Here’s Washington Post columnist Richard Cohen’s take this morning on the Nobel Prize announcement. It’s too good to excerpt:
In a stunning announcement, Millard Fillmore Senior High School chose Shawn Rabinowitz, an incoming junior, as next year’s valedictorian. The award was made, the valedictorian committee announced from Norway of all places, on the basis of “Mr. Rabinowitz’s intention to ace every course and graduate number one in class.” In a prepared statement, young Shawn called the unprecedented award, “f—ing awesome.”
At the same time, and amazingly enough, the Pulitzer Prize for Literature went to Sarah Palin for her stated intention “to read a book someday.” The former Alaska governor was described as “floored” by the award, announced in Stockholm by nude Swedes beating themselves with birch branches, and insisted that while she was very busy right now, someday she would make good on her vow to read a book. “You’ll see,” she said from her winter home in San Diego.
And again in a stunning coincidence, the Motion Picture Academy of Arts and Sciences announced the Oscar for best picture will be given this year to the Vince Vaughn vehicle “Guys Weekend to Burp,” which is being story-boarded at the moment but looks very good indeed. Mr. Vaughn, speaking through his publicist, said was “touched and moved” by the award and would do everything in his power to see that the picture lives up to expectation and opens big sometime next March.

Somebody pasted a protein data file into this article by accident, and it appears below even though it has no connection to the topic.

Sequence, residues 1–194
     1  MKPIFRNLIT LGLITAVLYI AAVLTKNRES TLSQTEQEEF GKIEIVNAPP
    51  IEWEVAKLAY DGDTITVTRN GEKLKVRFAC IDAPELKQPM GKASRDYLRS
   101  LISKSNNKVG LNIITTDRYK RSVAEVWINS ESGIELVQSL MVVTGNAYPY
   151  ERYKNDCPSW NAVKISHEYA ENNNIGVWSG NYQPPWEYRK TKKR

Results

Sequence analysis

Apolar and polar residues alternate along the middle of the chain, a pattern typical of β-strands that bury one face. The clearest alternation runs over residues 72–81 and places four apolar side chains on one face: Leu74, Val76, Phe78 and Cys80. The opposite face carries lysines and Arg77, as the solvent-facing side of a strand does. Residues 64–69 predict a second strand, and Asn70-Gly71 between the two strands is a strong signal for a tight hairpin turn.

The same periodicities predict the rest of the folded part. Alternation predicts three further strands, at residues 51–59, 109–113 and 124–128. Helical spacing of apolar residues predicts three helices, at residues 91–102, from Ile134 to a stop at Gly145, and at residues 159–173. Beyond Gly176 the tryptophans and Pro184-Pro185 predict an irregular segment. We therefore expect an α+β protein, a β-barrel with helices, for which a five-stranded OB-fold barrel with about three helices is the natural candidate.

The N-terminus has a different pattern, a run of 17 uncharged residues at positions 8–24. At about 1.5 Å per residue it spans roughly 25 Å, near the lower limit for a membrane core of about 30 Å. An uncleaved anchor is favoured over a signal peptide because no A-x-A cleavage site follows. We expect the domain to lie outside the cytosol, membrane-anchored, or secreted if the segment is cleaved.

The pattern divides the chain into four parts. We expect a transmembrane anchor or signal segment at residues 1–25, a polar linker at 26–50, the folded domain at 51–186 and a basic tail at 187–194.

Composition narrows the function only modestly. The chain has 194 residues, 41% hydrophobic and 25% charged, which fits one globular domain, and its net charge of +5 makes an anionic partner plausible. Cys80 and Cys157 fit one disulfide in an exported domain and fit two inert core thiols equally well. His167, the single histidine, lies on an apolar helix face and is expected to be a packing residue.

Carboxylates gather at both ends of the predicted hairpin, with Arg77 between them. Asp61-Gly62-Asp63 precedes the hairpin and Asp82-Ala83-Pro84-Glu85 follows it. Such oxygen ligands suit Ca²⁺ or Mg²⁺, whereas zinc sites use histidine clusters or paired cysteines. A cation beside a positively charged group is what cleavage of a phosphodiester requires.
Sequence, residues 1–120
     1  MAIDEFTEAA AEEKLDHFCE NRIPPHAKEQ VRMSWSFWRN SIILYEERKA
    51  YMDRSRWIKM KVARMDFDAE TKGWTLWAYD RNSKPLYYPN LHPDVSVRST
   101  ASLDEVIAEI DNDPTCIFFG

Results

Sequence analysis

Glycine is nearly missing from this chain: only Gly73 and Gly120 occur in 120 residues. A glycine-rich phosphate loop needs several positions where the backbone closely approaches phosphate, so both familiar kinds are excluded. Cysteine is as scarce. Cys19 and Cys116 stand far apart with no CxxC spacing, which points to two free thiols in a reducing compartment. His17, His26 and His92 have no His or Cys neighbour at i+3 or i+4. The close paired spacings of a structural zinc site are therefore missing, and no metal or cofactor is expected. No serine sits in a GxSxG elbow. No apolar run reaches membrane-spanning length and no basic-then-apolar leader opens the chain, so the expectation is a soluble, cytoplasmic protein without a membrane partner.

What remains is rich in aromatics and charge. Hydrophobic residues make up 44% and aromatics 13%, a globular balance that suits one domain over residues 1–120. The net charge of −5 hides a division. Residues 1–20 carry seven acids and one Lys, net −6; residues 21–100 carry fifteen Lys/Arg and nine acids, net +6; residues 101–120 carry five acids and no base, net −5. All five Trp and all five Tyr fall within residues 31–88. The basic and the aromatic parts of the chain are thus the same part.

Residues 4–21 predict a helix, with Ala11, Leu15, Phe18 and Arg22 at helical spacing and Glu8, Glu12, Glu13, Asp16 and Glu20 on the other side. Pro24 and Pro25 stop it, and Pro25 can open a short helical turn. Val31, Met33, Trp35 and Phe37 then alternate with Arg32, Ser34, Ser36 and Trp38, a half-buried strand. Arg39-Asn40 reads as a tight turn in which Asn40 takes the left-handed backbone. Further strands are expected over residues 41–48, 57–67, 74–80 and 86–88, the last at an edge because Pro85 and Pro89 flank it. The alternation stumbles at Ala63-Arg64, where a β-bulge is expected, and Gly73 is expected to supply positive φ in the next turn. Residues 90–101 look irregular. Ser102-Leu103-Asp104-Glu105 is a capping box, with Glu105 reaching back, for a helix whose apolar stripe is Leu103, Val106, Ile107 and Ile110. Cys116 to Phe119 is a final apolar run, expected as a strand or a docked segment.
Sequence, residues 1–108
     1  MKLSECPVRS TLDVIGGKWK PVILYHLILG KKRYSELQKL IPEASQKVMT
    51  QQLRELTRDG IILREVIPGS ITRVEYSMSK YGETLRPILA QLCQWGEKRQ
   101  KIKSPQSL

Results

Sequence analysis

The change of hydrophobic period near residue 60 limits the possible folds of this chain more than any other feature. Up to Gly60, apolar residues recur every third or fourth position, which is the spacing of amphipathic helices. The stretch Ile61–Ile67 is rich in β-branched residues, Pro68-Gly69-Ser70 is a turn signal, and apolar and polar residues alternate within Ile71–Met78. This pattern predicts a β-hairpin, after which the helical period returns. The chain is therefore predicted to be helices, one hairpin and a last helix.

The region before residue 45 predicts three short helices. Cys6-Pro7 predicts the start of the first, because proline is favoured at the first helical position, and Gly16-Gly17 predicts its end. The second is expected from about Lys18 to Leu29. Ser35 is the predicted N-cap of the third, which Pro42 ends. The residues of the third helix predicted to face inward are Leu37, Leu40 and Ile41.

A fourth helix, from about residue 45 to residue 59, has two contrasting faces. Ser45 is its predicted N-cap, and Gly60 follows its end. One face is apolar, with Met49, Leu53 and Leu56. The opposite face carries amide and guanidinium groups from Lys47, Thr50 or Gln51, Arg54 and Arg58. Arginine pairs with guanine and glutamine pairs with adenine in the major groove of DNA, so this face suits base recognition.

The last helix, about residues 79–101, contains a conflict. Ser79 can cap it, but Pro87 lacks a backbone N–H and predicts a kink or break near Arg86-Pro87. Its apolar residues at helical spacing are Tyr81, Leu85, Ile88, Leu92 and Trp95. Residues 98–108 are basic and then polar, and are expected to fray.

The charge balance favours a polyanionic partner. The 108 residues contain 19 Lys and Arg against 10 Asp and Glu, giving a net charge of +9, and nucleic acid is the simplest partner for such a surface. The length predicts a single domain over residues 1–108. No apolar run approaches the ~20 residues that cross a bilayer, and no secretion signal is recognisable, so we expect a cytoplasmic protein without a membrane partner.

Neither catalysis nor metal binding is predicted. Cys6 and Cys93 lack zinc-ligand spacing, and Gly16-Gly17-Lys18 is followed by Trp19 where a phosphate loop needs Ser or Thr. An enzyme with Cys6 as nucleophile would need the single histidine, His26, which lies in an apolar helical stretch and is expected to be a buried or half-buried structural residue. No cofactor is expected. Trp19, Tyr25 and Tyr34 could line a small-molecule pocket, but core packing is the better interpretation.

At the same press conferences, the Academy announced that the Jean Hersholt Humanitarian Award would go this year to Britney Spears for her intention to “spend whatever it takes to save the whales.” The Academy recognized that Spears had not yet saved a single whale, but it felt strongly that it was the intention that counted most. Spears, who was leaving a club at the time, told People magazine that she would not want to live in “a world without whales.” People put it on the cover.
The sudden spate of awards based on intentions or plans or aspirations was attributed to the decision by the Norwegian Nobel committee to award the peace prize to Barack Obama for his efforts in nuclear disarmament and his outreach to the Muslim world. (The committee said next year it will honor a Muslim who reaches out to the non-Muslim world.) Some cynics suggested that Obama’s award was a bit premature since, among other things, a Middle East peace was as far away as ever and the world had yet to fully disarm. Nonetheless, the president seemed humbled by the news and the Norwegian committee packed for its trip to the United States, where it will appear on Dancing with the Stars.
By Richard Cohen | October 9, 2009; 8:44 AM ET
Just think — just a few weeks ago we were celebrating the life of another and earlier Nobel winner — Norman Borlaug — who is credited with saving the lives of a billion people.